Written by Misty Crooks and Claudia Rey Crowie
In his numerous publications, Finex Ndhlovu has critically examined the relationship between language and issues of multilingualism, identity formation, migration, politics, and policy/planning. At the heart of his recent work, Prof. Ndhlovu is concerned with the complex interplay of social and political factors that make up the sociolinguistics of migration, and how to reshape heritage language planning and policy to better align with the needs of immigrant communities.
Prof. Ndhlovu impresses upon us the need to understand where someone comes from in order to understand who they are, stating “you can’t say you know me if you don’t know the people that I live with.” This notion perfectly captures the spirit of his recently developed Language Nesting Model (Ndlovu, 2014). As Prof. Ndhlovu shows, the model provides a more holistic profile of the unique language-based needs of immigrant communities than has previously existed.
A recurring theme throughout his talk is a call to challenge the “commonsense” assumptions about how we conceptualize heritage languages. While language planning and policy typically assumes a direct relationship between ethnicity and language, this assumption is often contradicted by the linguistic realities of immigrants, whose language choices are largely influenced by complex migratory patterns and exposure to a wealth of linguistic diversity. Prof. Ndlovu’s research is centralized around two overarching questions: What are the actual multilingual practices of people on the move, and how do specific migration paths influence their linguistic experiences?
In building the Language Nesting Model, Prof. Ndhlovu conducted an in-depth ethnographic study of speakers from East, Central, and West Africa who were residing in Australia. Interviews comprised of people offering personal stories about their migration experiences. Prof. Ndhlovu finds that his participants often speak a HL that is not their native one. In fact, several individuals report speaking pigeons and creoles (new languages having emerged through extended contact between different languages) in their interviews. Pigeons and Creoles receive little to no government support due to their subordinated social status. Prof. Ndhlovu argues it is precisely these languages that serve to bridge relationships and create new and vital social networks. These narratives demonstrate the severe need for governments to provide institutional support for such languages.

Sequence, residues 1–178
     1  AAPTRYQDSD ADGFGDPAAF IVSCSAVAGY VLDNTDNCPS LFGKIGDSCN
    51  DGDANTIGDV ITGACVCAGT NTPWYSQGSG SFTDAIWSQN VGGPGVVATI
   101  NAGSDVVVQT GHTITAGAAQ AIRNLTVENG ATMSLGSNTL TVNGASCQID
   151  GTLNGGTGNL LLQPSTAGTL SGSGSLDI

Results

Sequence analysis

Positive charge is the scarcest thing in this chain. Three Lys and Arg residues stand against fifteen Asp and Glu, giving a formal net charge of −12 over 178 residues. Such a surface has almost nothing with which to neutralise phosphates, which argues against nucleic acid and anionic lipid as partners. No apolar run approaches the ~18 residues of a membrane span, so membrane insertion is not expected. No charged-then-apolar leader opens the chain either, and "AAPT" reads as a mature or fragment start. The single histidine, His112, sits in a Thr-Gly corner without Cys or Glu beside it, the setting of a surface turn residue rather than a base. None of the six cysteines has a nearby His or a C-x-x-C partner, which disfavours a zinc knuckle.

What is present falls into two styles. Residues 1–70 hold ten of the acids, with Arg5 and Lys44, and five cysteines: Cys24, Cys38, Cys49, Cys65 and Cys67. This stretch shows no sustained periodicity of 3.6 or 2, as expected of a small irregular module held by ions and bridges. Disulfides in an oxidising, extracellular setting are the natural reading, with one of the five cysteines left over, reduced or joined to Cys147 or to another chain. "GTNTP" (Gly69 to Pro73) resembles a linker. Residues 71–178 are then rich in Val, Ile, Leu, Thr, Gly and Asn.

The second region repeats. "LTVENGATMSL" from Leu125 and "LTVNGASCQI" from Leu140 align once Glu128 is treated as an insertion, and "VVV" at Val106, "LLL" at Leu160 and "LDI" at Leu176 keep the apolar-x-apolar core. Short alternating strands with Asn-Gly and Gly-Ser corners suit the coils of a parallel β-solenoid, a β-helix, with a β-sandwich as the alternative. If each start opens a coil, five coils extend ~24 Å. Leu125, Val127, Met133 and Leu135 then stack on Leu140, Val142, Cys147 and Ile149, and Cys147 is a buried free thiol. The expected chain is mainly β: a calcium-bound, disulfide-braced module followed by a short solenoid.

Prof. Ndhlovu proposes the Language Nesting Model to account for these and other crucial findings that surfaced through his ethnographic research. The model leverages commonalities across the language experiences of African immigrants to paint a picture of rich linguistic diversity. Central to his model are the diverse language codes and varieties a HL speaker can deploy as linguistic resources. These include varieties of English, discoursal and cultural practices, African cross-border languages, small ethnic languages, and refugee “journey” languages, which are those languages picked up while in transit. The model achieves its goal of breaking down our common-sense assumptions about HLs by showing that the linguistic repertoires of transient populations must be better understood. Prof. Ndhlovu closes his talk by arguing that language policy and planning cannot address the needs of immigrant communities unless it shifts its focus to considering the lived experiences and linguistic realities of people on the move, which show much more nuance than what census data alone is capable of revealing.